Description of the disaster
On Tuesday 4 August 2020 at around 6pm, two explosions occurred at the Port of Beirut. The cause remains unclear, but initial reports claim it started with a fire in a firework storage, which extended to highly-flammable and explosive material stored in one of the many port warehouses causing two explosions, the second being massive. This led to an enormous shock wave that rippled through greater Beirut and surrounding areas, extending up to Bekaa area. The sound of the explosion could be heard as far away as the island of Cyprus, located in the Mediterranean Sea 240 km away. The blast flattened the city's port, surrounding structures and infrastructure have been heavily damaged. Many buildings have collapsed or at risk of collapsing, roads blocked due to fallen debris and open cracks in the ground, mass destruction of vehicles all over the city, shattered glass has been reported miles away from the port. It is reported that around 200 people lost their lives, more than 6,000 people are injured and around 6 people are still missing, it is estimated that around 300,000 people have damaged households.
The impact of the explosions extended 6 kilometers from the epicenter, causing what can be categorized as ‘severe damage’; 10 kilometers with ‘moderate’ damage; and up to 20 kilometers with ‘light’ damage.
According to different UN and government sources, more than 50,000 houses have been impacted with minor, moderate or major damage (OCHA; UNDP, Lebanese Republic Presidency of the Council of Ministers, DRM Unit). Beirut establishments, especially small and medium businesses in the wholesale, retail and hospitality e.g food and beverages, tourism, lodging and recreation sectors have been heavily affected, in the scale of 15,000 units which are closed due to the damages reported. This has a direct effect on the lives and livelihoods of those employed whether residing inside or outside Beirut. Those living in low-income and underserved parts of Beirut are among the most vulnerable as they may have lost both their houses and source of income. The damage extends to health sector, whereby multiple centrally located public and private hospitals reported extensive damage and were not able to welcome patients after the explosion and until today.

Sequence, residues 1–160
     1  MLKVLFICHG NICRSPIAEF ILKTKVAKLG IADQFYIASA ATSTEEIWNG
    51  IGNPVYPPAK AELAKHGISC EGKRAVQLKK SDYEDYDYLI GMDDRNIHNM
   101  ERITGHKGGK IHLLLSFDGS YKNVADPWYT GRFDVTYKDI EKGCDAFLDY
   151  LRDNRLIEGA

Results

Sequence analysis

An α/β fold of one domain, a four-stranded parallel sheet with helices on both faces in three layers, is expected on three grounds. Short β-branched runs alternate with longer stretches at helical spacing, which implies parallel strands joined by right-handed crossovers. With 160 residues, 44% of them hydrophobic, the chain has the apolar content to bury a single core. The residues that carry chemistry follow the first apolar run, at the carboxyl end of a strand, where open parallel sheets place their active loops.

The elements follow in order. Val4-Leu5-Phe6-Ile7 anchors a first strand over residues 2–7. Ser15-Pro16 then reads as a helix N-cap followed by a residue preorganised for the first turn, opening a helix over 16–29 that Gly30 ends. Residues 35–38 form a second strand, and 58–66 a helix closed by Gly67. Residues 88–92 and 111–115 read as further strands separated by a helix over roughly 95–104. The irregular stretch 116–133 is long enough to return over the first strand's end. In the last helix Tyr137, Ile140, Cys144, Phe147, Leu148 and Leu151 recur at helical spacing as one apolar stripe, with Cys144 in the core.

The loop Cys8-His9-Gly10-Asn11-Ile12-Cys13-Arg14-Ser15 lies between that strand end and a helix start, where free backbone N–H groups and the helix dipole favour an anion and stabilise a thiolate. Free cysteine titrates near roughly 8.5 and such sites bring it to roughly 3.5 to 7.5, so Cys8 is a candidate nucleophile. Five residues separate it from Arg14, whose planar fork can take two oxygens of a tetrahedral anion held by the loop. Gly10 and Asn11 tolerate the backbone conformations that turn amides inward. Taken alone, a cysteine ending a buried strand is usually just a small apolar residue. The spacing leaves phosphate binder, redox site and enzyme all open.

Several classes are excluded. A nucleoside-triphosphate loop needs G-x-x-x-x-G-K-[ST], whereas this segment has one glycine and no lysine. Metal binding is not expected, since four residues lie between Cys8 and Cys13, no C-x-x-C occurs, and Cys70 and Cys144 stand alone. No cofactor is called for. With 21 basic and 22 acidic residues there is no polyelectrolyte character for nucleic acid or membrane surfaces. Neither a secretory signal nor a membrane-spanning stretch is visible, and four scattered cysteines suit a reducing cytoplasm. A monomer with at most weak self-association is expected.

The implications of this disaster are further exacerbated by the multiple crises the country is currently witnessing starting with the refugees’ crisis since 2011 and most recently the economic crisis, COVID-19 pandemic and civil unrest/security incidents. The most important highlights from these crises are the rising inflation whereby, currency lost 80% of its value with commodity prices consistently increasing. Vulnerable Lebanese and other at-risk groups, such as refugees and migrant workers, are increasingly unable to meet their basic needs. According to recent estimates by the World Bank that include the impact of the COVID-19 crisis, poverty would rise from 30% in 2019 to 45% or more of the population by the end of 20201 , while extreme (food) poverty would more than double to 22%. This is coupled with political instability and the inability to form a new government since the resignation of the former cabinet after the explosion on August 10.
PM-designate Saad Hariri was designated as new prime minister on October 22 and he began consultations with MPs on October 23rd to form a cabinet. Hariri met with all the Lebanese political parties. Post the meeting Prime Minister designate Saad Hariri described the non-binding consultations he held with parliamentary blocs as “positive,” noting that the discussions focused on the reforms that the new government should implement “as soon as possible.” The rate of Covid-19 infection cases has been rising since August 2020 and a significant increase has been observed in October whereby an average of 1,500 cases was reported daily in the last week of October and even higher number of cases in the first week of November (1,800) in various clusters in the country compared to a daily average of 100 cases in July; the highest reported number is 2,142 cases on November 7. According to WHO, the occupancy rate of ICU beds in Lebanon across all hospitals is 87.6% (as reported on Nov. 4), therefore capacity of hospitals to treat severe cases is at critical stage. The government has issued several memorandums isolating villages and cities with high caseload; however, these measures were not adhered to due to the growing mistrust in the government and the deteriorating economic situation in the country.